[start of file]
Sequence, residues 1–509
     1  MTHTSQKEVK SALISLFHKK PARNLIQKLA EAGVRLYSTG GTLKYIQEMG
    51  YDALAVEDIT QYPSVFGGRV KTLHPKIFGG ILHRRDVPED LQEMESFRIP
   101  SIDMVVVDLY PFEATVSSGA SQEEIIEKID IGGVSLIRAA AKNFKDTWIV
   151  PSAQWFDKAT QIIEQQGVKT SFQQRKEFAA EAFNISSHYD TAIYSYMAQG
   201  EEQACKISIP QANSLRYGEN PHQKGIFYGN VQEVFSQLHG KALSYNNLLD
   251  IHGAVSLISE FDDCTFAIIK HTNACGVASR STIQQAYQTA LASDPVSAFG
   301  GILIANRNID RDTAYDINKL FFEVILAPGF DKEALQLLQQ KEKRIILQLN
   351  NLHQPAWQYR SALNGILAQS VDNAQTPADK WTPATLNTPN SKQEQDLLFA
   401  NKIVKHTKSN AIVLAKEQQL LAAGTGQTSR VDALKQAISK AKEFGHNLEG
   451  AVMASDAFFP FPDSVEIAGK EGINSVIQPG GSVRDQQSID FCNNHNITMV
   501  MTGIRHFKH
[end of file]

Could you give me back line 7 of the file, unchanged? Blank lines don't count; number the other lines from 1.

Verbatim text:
   251  IHGAVSLISE FDDCTFAIIK HTNACGVASR STIQQAYQTA LASDPVSAFG